Later, when they went to camp it was hard too. It did prepare me for the time they would grow up and leave.

Now, it’s been a long time since I had children. Like my mother always told me, “it’s like a dream.”

The Grandchild Brought It All Back
I feel fortunate to experience those feelings again. Naturally, I come in a very far second or third. But, his little smile of appreciation when he sees me brings those memories back. It’s nice to get a little piece of heaven again.

Looking at Christmas from the outside


English: Santa Claus with a little girl Espera...

English: Santa Claus with a little girl Esperanto: Patro Kristnasko kaj malgranda knabino Suomi: Joulupukki ja pieni tyttö (Photo credit: Wikipedia)

 

Even before Thanksgiving is upon us, advertising for Christmas begins. It is impossible to live in the United States and ignore the impact that this celebration has on everyone.

 

My parents had an unusual take on Christmas. Being Jewish, they didn’t want me to identify with  the religious part of Christmas, but they didn’t want me to feel left out of believing in Santa Claus.  I don’t know how many Jewish kids believed in Santa Claus, but I did. He brought my Chanukah presents on  Christmas. (The truth was Santa Claus worked for his cousin on Christmas Eve, and got some merchandise in return.)  We never had a Christmas tree. We did light the candles and say the blessings each night of Chanukah.

 

I really bought the whole Santa Claus thing line, hook, and sinker. I counted the days until Christmas, and I really believed Santa Claus was watching me, so I made sure I was extra good.

 

When I found out that Santa Claus really wasn’t coming to my house, I was really upset.  It’s the first time I realized that everything wasn’t cracked up to what it was supposed to be. I guess that’s a sad reality we all have to face sooner or later.

 

I really felt like an outsider then because I realized Christmas really wasn’t my holiday. I asked my mother if Thanksgiving was really my holiday. How about New Years Eve? I was happy to find out Thanksgiving was okay.

 

Since I’ve grown up, I’ve come to my own conclusions about religion. I think it is nice to celebrate the traditions that you’ve grown up with, but I’m not exactly sure where the stories come from. (I buy the idea that they were written by people.)

I think there are lessons and basic truths in every religion. It’s too bad people misconstrue the whole thing, and live their own versions of their religions.  As my dear mother used to say,” anything in extreme is bad.”Meghan Kelly and her rantings about Santa Claus are a perfect example of what I find ridiculous.( But that’s another post.)

 

It is impossible to live in this country and not get a little caught up in the Christmas spirit. It is a good thing.  I wish people acted charitable and kind all year-long. I really enjoy the music, and the lights. I like saying “Merry Christmas” to people.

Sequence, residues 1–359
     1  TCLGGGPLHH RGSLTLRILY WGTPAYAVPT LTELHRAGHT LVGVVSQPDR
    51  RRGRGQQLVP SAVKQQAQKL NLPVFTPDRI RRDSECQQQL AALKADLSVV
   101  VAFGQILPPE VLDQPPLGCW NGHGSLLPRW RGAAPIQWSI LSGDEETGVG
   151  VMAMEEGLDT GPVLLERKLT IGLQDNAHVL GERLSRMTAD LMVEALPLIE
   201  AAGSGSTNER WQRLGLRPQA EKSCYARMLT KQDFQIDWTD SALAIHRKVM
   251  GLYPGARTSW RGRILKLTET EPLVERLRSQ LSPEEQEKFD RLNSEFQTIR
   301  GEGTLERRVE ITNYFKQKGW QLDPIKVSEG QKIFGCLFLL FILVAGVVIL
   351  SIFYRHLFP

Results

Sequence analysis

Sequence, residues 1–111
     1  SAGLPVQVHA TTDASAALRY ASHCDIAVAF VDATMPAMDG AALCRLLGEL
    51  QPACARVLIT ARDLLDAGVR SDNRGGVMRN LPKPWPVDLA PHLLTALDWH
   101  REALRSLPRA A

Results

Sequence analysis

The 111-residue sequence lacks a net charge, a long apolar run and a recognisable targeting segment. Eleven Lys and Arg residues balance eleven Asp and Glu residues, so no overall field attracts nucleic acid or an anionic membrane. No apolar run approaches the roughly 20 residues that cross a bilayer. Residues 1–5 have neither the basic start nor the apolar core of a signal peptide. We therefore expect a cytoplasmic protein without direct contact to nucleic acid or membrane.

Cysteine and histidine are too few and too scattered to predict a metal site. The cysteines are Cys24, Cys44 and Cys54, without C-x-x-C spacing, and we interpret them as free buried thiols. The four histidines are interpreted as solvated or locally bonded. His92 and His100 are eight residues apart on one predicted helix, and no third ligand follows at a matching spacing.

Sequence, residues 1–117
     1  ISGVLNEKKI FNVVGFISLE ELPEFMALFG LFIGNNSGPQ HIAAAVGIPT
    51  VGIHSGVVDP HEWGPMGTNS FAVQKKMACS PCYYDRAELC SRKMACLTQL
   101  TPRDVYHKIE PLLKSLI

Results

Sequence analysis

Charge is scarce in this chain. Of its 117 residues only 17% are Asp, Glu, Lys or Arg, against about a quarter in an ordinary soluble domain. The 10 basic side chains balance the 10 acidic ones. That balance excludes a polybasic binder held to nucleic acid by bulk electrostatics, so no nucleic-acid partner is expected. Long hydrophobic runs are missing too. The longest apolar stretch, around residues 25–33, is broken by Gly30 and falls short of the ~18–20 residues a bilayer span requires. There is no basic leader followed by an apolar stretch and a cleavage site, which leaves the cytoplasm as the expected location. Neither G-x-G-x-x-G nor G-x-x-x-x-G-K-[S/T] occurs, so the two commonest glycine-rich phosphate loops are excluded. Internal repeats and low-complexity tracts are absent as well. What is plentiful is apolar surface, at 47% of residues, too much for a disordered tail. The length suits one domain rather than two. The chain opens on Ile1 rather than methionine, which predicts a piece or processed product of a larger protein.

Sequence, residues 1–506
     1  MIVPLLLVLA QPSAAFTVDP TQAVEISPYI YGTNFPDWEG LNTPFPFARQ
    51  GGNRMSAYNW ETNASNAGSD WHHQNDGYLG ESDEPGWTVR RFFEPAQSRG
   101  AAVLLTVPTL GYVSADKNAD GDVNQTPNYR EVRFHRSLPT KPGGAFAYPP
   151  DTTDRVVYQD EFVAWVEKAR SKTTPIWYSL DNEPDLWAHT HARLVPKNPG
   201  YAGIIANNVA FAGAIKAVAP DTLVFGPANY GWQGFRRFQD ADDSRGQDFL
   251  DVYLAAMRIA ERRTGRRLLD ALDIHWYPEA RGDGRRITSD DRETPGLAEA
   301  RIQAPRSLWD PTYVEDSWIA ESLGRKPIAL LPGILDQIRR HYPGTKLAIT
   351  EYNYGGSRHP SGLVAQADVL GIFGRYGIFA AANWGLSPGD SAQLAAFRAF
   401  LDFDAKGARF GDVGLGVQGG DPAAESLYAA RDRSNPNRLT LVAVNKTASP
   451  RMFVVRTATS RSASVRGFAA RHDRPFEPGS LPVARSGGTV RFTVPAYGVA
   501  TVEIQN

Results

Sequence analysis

Merry Christmas, Happy Kwanza,  and Happy New Year!

 

 

Pleasure Guild’s excellent production of” Peter Pan” provokes memories and thoughts!


Peter Pan 1915 cover 2

Peter Pan 1915 cover 2 (Photo credit: Wikipedia)

Pleasure Guild sponsored an excellent production of “Peter Pan.”  This is a group that raises money for Children’s Hospital in Columbus. One way they do this is to produce a play.  The play was an amateur production, but seemed professional to me.  I loved it so much I put a few dollars in the Children’s Hospital’s  bucket after the show was over.

All of the actors are amateurs who did a terrific job. The choreography was fantastic. The main characters are all actors who’ve been in productions before, but there were children, who couldn’t have had much experience. The acting and singing were just perfect. They didn’t miss a step or a note!

Emily Cipfiani  who played Peter Pan was convincing.  She had a tremendous voice. (I’d read in The Columbus Dispatch that she suffered from juvenile arthritis. You would never know it by her flying and dancing.)

The actors who played Captain Hook (Doug Joseph)  and Wendy (Kelly Hogan) were particularly talented. They had those characters down perfectly.

I was impressed with everything: scenery, costumes, flying and music.

Thoughts the production provoked

This is a very old story. The first time I watched this I was a little girl. I know I liked it then, but for different reasons. I wanted to be like Wendy and fly. “Never Never Land” seemed appealing to me at the time.  I liked the amusing conflicts between the pirates, Indians and Captain Hook.  Peter Pan made a great hero. I truly believed in Tinkerbell. The music charmed me, just like it did in this production!